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  1. #11
    Ginkgo
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    For many magic tricks, misdirection is used to keep the attention away from the details of how a trick really works. The more you seek empirical evidence under the conditions the magician has laid out, the more you are gulled into the illusion. To disbelieve a well executed magic trick, you must first believe that there is more that meets the eye. It's ironic, given that "magical thinking" often perpetuates beliefs that lack concrete support, and in that irony, people often fall prey to shysters.

  2. #12
    Emperor/Dictator kyuuei's Avatar
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    Fake magic -- it's entertaining. A movie isn't real, but that doesn't mean I don't enjoy it. Fictional books are still fun. What a silly question.

    Real magic -- Because I want to, pretty much. Because you can't tell me it's fake no matter how frustrated you get. And the power of the mind is a great thing. I believe the things our minds can do, and the things people's bodies can do, defying the norm--that those things are magical and should be celebrated.
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  3. #13
    Senor Membrae Eugene Watson VIII's Avatar
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    Quote Originally Posted by Ginkgo View Post
    For many magic tricks, misdirection is used to keep the attention away from the details of how a trick really works. The more you seek empirical evidence under the conditions the magician has laid out, the more you are gulled into the illusion. To disbelieve a well executed magic trick, you must first believe that there is more that meets the eye. It's ironic, given that "magical thinking" often perpetuates beliefs that lack concrete support, and in that irony, people often fall prey to shysters.
    There's actually an insightful video on youtube about sleight of hand (and misdirection specifically). The one thing is that all tricks are the same, having some sort of illusion, but it's just that the magician catches the spectator(s) unprepared or he/she ends up with a clueless audience and can capture some pretty priceless reactions. There's also something called a gaff deck to enhance tricks, but I wont go into anymore detail and leave it up to you to decide whether or not to check it out. It's pretty cool stuff.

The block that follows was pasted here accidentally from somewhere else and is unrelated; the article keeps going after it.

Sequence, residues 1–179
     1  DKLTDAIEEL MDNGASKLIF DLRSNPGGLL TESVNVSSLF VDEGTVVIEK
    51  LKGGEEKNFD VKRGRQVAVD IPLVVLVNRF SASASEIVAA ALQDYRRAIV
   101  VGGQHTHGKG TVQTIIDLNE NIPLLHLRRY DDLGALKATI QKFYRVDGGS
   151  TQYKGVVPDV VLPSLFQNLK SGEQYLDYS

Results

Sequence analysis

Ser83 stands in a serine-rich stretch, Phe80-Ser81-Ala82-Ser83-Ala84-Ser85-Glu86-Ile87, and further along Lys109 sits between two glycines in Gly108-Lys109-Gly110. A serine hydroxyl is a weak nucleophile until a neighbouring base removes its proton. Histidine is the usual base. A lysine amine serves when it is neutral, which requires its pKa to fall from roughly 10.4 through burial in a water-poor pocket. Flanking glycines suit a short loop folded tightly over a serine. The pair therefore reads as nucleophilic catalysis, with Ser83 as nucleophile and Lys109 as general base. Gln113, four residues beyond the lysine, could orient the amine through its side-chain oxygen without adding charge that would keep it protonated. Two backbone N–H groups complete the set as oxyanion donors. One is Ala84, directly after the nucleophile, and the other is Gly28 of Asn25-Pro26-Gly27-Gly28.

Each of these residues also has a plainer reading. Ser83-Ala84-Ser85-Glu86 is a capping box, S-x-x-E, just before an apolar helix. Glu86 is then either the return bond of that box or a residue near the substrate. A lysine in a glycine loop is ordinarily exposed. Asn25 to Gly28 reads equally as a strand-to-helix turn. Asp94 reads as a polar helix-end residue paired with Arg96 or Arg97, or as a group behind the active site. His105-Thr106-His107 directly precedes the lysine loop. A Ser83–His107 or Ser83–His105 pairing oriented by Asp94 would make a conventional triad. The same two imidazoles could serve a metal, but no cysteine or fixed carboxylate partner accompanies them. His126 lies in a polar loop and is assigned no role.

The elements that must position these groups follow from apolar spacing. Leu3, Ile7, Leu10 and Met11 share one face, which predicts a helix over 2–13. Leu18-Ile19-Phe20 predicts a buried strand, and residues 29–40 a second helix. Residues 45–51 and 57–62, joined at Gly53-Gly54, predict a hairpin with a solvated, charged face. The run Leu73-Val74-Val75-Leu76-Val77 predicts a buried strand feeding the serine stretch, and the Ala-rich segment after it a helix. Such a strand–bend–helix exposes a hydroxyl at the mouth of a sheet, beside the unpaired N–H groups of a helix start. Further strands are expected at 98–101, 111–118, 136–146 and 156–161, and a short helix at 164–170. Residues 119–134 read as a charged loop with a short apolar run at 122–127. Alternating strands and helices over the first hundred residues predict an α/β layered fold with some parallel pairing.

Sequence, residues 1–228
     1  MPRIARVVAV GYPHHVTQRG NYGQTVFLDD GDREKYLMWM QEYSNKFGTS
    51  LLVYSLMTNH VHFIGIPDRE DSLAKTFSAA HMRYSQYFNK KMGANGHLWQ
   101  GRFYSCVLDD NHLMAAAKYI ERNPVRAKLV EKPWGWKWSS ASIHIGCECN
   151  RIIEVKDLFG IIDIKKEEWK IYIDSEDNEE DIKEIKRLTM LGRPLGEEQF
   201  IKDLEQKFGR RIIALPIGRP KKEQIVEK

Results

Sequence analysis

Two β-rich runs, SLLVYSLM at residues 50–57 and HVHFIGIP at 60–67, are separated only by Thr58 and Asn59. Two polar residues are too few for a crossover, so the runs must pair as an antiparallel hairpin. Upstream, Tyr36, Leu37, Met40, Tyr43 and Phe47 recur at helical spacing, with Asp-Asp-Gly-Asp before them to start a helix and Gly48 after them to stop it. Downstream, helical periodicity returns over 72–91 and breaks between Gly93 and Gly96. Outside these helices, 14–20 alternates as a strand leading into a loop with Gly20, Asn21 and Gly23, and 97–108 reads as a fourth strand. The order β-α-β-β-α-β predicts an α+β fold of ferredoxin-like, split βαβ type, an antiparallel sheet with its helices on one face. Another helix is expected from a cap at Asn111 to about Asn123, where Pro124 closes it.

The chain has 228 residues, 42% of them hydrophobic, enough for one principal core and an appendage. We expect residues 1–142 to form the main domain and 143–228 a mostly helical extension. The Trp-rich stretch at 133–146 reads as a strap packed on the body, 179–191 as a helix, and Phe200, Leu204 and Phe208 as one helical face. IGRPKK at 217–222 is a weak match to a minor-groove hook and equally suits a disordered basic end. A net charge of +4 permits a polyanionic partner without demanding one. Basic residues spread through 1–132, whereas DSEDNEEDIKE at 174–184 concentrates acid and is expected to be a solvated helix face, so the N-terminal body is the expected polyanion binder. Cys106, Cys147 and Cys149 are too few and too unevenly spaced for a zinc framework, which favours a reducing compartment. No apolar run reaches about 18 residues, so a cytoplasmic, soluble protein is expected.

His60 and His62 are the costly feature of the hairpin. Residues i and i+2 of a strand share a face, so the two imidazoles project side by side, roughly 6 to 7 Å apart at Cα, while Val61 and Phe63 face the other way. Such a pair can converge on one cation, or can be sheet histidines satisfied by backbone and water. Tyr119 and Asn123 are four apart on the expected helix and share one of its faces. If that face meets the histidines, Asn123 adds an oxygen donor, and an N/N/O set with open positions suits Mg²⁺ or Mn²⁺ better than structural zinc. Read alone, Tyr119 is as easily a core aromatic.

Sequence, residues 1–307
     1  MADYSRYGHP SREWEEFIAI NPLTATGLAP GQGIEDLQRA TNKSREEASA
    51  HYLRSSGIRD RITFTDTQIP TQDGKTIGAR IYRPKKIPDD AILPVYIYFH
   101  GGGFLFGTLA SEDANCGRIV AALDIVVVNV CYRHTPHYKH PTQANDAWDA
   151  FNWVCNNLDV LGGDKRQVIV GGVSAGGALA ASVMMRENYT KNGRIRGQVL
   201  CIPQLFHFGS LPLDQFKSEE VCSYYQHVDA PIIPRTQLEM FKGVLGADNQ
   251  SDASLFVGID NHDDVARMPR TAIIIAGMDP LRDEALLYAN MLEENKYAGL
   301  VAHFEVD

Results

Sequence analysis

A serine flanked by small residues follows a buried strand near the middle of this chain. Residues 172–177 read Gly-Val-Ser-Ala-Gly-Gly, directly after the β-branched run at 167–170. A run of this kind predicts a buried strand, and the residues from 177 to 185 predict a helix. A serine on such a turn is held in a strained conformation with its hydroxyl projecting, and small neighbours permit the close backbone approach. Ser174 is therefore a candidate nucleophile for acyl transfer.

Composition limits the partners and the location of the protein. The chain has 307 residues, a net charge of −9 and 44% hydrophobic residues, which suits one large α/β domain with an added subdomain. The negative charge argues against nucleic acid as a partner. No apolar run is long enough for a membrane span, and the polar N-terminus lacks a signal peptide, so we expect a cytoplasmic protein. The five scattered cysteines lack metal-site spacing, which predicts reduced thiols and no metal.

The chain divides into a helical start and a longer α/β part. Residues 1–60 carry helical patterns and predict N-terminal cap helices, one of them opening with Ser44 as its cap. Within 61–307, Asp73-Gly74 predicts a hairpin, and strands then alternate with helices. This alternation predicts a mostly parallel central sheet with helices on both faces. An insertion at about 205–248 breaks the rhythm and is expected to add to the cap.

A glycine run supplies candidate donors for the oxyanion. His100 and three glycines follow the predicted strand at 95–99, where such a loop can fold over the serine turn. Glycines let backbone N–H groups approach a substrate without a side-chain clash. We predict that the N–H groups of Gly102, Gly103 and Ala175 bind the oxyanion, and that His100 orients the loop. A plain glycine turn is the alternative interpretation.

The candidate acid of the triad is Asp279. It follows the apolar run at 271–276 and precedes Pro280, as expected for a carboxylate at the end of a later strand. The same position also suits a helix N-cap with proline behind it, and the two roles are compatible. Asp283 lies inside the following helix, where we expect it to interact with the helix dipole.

Here's the video


  4. #14
    Ginkgo
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    Quote Originally Posted by Planetary Walker View Post
    There's actually an insightful video on youtube about sleight of hand (and misdirection specifically). The one thing is that all tricks are the same, having some sort of illusion, but it's just that the magician catches the spectator(s) unprepared or he/she ends up with a clueless audience and can capture some pretty priceless reactions. There's also something called a gaff deck to enhance tricks, but I wont go into anymore detail and leave it up to you to decide whether or not to check it out. It's pretty cool stuff.

    Here's the video

    I love it. Thanks for that bit of entertainment.

  5. #15
    & Badger, Ratty and Toad Mole's Avatar
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    Default Magic and Critical Thinking

    Quote Originally Posted by DiscoBiscuit View Post
    The willing suspension of disbelief.
    This is completely correct.

    We suspend our disbelief by entering a trance where some of our critical faculties are in abeyance, particularly our faculty of disbelief.